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Remembering William Powell

By Nick Bowley
Remembering William Powell

Some of my earliest conversations with Bill Powell were in a dug-out canoe. This was in the mid-eighties and our destination was Kindwitwi, a remote Tanzanian village for people affected by leprosy. Back then Bill was deeply involved in a school project to help support the villagers as they strove for better health and economic self-sufficiency. None of the students or teachers who visited Kindwitwi will ever forget the experience, nor will they ever forget Bill Powell.
Conversations with Bill were memorable, whether in an educational context or around the dinner table. It’s not just that we learned about Bill—and there was a lot to learn about this complex man—but somehow we learned more about ourselves.
For many, their first conversation with Bill was a job interview. Bill’s questions would lead you in unexpected directions that uncovered your skills and passions and inspired you to be a better teacher. Walter Plotkin, a longstanding colleague of Bill’s, describes his own interview as a conversation that paved the way to a long and important personal and professional relationship. Many international educators have felt the same way.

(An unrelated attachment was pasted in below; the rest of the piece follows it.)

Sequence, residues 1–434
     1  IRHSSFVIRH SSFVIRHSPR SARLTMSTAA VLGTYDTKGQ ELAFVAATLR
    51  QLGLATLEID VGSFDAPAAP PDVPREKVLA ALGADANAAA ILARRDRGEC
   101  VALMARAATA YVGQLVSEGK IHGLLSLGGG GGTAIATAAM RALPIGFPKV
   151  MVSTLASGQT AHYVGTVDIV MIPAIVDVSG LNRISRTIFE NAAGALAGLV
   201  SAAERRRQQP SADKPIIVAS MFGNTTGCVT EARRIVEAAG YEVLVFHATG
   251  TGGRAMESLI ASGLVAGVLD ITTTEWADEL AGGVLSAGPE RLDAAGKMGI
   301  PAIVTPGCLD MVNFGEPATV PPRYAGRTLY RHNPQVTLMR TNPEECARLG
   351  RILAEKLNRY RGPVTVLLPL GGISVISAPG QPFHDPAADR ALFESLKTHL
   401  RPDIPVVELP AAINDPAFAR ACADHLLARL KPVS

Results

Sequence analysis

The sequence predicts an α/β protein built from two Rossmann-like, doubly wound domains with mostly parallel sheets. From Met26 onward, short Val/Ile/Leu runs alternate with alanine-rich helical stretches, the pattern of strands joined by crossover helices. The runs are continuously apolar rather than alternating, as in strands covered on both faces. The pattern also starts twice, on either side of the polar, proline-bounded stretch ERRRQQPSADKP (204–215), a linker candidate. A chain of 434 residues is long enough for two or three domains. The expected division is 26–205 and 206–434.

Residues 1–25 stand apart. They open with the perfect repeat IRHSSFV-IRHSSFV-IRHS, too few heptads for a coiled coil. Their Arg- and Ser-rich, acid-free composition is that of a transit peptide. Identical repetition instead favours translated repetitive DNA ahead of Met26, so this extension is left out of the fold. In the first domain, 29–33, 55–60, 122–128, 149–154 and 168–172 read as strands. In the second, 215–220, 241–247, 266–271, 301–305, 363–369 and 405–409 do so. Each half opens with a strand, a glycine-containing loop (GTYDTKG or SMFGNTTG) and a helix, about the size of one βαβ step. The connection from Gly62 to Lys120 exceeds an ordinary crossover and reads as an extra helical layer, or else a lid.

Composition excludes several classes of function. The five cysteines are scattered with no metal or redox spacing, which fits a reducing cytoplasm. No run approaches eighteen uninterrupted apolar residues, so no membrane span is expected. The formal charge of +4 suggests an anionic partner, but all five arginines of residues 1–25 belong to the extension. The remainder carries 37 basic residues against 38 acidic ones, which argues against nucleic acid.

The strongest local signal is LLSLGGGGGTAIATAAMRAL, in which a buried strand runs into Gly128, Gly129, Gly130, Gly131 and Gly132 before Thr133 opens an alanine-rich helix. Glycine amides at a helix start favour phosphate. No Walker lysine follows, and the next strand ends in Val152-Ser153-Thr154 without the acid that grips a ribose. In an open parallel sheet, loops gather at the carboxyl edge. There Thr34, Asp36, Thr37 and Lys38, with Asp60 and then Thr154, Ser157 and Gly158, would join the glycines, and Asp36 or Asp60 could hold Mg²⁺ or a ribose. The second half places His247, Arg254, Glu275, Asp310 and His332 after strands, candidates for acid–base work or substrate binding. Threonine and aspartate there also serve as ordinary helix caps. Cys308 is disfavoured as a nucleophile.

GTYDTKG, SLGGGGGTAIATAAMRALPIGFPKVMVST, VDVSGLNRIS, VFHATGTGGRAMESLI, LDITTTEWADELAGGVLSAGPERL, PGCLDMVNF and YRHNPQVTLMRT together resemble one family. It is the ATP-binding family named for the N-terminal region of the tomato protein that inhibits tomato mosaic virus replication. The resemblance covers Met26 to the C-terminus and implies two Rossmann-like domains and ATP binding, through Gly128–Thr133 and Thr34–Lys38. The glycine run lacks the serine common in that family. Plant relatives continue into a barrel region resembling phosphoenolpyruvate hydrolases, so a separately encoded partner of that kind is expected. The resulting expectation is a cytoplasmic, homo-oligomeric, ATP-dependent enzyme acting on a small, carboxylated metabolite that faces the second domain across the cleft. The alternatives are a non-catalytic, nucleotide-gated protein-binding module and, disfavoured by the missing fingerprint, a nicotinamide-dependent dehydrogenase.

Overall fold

Bill had an uneasy relationship with the status quo. He passionately believed in change for the better. Throughout his life he channelled his ferocious energy into improving the life prospects of those who too often find themselves excluded from the mainstream, as with the leprosy patients of Kindwitwi, for example, and more recently those children who learn differently—those with developmental delays, dyslexia, ADHD, and autism.
Bill was a remarkable teacher. Hundreds of former students in the U.S., East Africa, and Southeast Asia have benefited from Bill’s expertise, not only in the areas of literature and epistemology but because he knew and understood them individually as learners, thus helping them succeed beyond their own imagined limits.